# numerical methods for calculating PID equivalent functions

Started by March 2, 2015
```Hi,

Can a partial differential equation be numerically calculated to
give a function that is equivalent to a PID loop for controlling
a multivariable system (ie a lunar lander with yaw/pitch/thrust
to land on a given X/Y coordinate from a given altitude)?

Do partial differential equation solvers ie for the heat equation,
also work for large numbers of variables, ie 10?

Is this method useful for this:

http://en.wikipedia.org/wiki/Crank%E2%80%93Nicolson_method

Also does anyone know of existing code or a website that
can be used to generate these types of solutions?

cheers,
Jamie

```
```On Tuesday, 3 March 2015 14:29:56 UTC+11, Jamie M  wrote:
> Hi,
>
> Can a partial differential equation be numerically calculated to
> give a function that is equivalent to a PID loop for controlling
> a multivariable system (ie a lunar lander with yaw/pitch/thrust
> to land on a given X/Y coordinate from a given altitude)?

Numerical integration is routine, and can be pretty accurate (if you are careful to avoid pathological situations, like dividing by zero).

> Do partial differential equation solvers ie for the heat equation,
> also work for large numbers of variables, ie 10?

My Ph.D. work used the Fletcher-Powell multi-parameter non-linear curve fitting procedure to find the three paratetmeters (starting concentration, end-concentration and rate constant) that fitted a numerically integrated rate constant to a string of observed reagent concentrations.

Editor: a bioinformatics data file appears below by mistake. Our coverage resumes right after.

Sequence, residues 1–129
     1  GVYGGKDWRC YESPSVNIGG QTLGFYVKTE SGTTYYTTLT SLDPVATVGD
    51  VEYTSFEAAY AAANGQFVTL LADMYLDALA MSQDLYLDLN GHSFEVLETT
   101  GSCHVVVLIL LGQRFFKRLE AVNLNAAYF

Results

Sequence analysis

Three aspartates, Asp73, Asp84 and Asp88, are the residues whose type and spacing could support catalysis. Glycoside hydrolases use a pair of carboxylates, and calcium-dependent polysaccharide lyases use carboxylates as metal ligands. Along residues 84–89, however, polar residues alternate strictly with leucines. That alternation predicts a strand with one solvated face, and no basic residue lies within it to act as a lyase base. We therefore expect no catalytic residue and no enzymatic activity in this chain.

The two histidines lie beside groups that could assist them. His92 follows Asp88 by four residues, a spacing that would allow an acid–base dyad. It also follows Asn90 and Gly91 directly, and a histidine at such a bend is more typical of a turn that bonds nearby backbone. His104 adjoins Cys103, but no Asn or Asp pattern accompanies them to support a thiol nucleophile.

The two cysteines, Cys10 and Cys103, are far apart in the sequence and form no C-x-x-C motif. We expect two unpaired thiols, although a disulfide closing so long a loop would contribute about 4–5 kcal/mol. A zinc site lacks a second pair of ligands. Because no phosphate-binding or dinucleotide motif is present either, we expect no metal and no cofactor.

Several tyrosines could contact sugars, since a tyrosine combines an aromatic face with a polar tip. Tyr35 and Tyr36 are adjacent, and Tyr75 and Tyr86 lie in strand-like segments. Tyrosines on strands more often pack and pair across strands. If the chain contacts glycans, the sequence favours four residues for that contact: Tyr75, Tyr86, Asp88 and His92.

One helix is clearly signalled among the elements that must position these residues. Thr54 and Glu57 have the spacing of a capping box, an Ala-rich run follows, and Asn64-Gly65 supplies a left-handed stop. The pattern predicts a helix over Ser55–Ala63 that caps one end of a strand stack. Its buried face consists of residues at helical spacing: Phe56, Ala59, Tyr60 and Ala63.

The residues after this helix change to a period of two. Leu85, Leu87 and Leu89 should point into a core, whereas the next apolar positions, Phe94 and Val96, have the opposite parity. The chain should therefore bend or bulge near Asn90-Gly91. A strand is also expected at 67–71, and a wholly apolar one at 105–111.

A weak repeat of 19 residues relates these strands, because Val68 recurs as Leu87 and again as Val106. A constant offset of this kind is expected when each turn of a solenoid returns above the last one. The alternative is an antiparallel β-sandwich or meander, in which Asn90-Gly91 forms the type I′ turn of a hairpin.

You need more observation than parameters to get a unique solution, and the observations do have to constrain all the parameters - I could reliably extract three parameters from my strings of several hundred observations,but trying to extract a fourth - the thermal resistance of the reaction medium - left me with confidence limits rather larger than my parameter space.

> Is this method useful for this:
>
> http://en.wikipedia.org/wiki/Crank%E2%80%93Nicolson_method

That's kind of basic. The nice part of Fletcher-Powell least squares minimisation is that it documents the least squares surface around the best-fit parameter set, which allows you to extract confidence limits on how well your data defines your parameters.

Straight numerical methods can get you to the same solution, but they don't tell you how reliable/sensitive it is.

> Also does anyone know of existing code or a website that
> can be used to generate these types of solutions?